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Are Bullet Trains And Hyperloops On A High-Speed Collision Course In Texas?

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Hyperloop One
Hyperloop One

The Texas Triangle was chosen as a finalist to be one of Hyperloop One's inaugural routes. The route proposed by Hyperloop Texas, a JV between engineering firm Aecom and public agencies in the state, would connect Dallas, Austin, San Antonio, Laredo and Houston by pressurized tubes that would whisk passengers along at 700 mph. That means an 8.4-minute trip between Houston and San Antonio, a 19.5-minute trip between Dallas and Austin and a 46-minute trip from Houston to Dallas. 

Hyperloop One will look to tap into Texas' abundance of super-commuters — people who travel more than 90 minutes or 180 miles for work. An NYU study found DFW to Houston super-commutes have more than tripled since 2002; Austin and San Antonio to Houston super-commutes have both more than doubled. Texas Central High-Speed Rail is using the same fundamentals to back its Shinkansen Bullet train between Dallas and Houston. That could lead to serious competition for the growing demographic.

Th Hyperloop is nearly twice as fast as Texas Central's High-Speed Rail project already in the works to connect Houston and Dallas. To boot, the lightning-quick travel time is not even direct. The journey is routed through Austin, which would act as a hub connecting the Texas cities.   

Hyperloop One could also be operational before Texas Central's line. In its announcement, Hyperloop One declared its intent to begin shipping freight by 2020 and passengers by 2021. 

Hyperloop One XP-1 Transport
Hyperloop One XP-1 Transport

One major factor will be ticket pricing. Texas Central has not released specifics but expects pricing to be on par with airline prices. That will likely be far cheaper than the Hyperloop, which is expected to be around $330 one-way.

If Hyperloop One does move forward in Texas, it will likely face many of Texas Central's same growing pains; the company has met plenty of resistance from Texas landowners. Unlike Texas Central, which is developing its project privately, Hyperloop One will work with government agencies on development in some capacity. Though the specific arrangement has not yet been detailed, Hyperloop One is already working closely with the Colorado Department of Transportation and has said it intends to continue government relationships wherever it ends up.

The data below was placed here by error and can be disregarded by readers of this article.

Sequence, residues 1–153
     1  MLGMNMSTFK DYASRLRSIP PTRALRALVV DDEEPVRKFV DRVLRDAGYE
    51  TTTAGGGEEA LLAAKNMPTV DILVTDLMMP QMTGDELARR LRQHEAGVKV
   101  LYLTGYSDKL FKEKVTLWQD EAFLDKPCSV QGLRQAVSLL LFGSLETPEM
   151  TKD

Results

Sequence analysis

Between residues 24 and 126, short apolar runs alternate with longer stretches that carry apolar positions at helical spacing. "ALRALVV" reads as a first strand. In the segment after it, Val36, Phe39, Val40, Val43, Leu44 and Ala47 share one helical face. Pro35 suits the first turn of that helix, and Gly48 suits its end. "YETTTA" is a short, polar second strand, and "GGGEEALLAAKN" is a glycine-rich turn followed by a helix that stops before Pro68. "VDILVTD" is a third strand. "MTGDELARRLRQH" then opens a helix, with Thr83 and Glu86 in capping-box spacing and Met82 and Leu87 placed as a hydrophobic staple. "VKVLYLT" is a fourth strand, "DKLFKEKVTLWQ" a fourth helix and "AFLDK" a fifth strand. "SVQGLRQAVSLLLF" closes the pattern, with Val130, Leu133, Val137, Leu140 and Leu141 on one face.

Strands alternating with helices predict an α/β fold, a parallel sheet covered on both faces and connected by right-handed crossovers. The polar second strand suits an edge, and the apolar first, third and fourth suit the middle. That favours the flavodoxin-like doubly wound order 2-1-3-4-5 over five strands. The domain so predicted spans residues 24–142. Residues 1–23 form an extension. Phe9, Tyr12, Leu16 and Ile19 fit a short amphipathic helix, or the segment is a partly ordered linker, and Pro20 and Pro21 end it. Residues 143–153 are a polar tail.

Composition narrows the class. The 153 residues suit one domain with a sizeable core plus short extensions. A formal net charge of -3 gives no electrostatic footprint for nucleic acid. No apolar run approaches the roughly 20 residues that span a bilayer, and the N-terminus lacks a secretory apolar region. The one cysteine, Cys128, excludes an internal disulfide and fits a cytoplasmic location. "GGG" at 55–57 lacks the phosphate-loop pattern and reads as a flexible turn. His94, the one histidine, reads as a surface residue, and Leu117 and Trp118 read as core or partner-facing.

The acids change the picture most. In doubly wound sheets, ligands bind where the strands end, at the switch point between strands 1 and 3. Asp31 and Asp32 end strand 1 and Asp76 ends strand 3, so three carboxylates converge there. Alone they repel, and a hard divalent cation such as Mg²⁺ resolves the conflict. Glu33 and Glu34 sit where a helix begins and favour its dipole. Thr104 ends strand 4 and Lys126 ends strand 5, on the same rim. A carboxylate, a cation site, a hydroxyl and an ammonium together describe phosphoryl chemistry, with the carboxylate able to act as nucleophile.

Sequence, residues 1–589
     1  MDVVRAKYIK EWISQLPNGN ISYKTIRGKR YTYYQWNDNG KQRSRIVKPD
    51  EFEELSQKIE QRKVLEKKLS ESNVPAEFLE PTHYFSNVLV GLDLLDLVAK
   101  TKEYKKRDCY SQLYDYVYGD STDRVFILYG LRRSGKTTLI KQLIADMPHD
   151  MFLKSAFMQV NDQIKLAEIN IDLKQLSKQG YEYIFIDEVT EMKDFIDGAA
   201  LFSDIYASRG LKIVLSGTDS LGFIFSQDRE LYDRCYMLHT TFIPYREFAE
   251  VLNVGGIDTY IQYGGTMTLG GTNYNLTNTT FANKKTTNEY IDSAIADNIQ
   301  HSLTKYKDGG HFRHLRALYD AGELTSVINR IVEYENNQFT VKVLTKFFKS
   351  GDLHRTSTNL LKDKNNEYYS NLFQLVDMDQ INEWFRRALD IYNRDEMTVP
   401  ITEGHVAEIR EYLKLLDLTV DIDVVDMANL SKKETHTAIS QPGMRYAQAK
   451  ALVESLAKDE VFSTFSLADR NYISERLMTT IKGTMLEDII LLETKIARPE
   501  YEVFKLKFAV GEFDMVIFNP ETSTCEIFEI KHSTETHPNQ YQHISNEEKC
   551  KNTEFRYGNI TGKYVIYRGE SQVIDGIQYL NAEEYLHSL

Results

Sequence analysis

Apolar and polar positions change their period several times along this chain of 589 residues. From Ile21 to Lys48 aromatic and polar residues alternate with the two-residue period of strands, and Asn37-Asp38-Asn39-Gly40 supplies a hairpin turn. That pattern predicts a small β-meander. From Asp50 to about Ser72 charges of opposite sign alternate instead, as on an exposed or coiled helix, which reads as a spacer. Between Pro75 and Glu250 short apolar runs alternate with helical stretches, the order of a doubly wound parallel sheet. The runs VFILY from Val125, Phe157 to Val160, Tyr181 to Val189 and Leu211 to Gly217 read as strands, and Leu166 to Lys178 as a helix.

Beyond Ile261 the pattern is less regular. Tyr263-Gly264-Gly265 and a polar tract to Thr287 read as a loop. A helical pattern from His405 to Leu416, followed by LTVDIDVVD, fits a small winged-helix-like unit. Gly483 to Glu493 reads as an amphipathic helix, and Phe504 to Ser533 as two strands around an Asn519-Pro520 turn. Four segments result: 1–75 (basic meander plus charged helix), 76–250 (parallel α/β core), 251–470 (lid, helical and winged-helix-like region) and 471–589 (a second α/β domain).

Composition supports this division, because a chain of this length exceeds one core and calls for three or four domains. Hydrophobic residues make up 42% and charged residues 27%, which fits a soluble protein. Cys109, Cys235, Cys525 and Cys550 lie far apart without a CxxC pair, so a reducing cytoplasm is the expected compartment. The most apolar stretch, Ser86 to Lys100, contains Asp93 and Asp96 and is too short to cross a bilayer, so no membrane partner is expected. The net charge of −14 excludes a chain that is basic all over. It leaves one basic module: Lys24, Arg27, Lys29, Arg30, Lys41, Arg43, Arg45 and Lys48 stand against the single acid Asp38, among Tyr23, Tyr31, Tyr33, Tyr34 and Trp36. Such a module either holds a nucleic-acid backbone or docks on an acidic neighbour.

A Hyperloop in Texas is still only a proposal, one of 10. With other major international routes proposed, like London to Edinburgh, Mumbai to Chennai and Mexico City to Guadalajara, Texas will have stiff competition. In total, Hyperloop One is considering 53 urban centers with nearly 150 million residents. 

Hyperloop One will now work closely with each finalist team on initial ridership forecasts, business case and preliminary technical analysis of the route and corridor, tailored to the needs of the individual route. 

HSR

Meanwhile, Texas Central is plowing ahead. Backers of the Japanese-style bullet train project said they hope to have all regulatory approvals and financing in place to begin construction next year. Texas Central has been busy acquiring land along the proposed route. 

A spokesperson for Texas Central told Bisnow the two projects are not in competition. Hyperloop One is not building a direct line from Houston to Dallas. Texas Central sees the two different modes of transportation as complementary, similar to airlines.  

Last month Texas Central took two major steps when it signed a memorandum of understanding with the City of Houston and chose its preferred design-build firms for the project. 

The future of Texas public transportation is approaching at high speed. 

UPDATE SEPT. 20 1:40 P.M. ET: The story has been updated to clarify the potential competition for super-commuters between Hyperloop One and Texas Central HSR.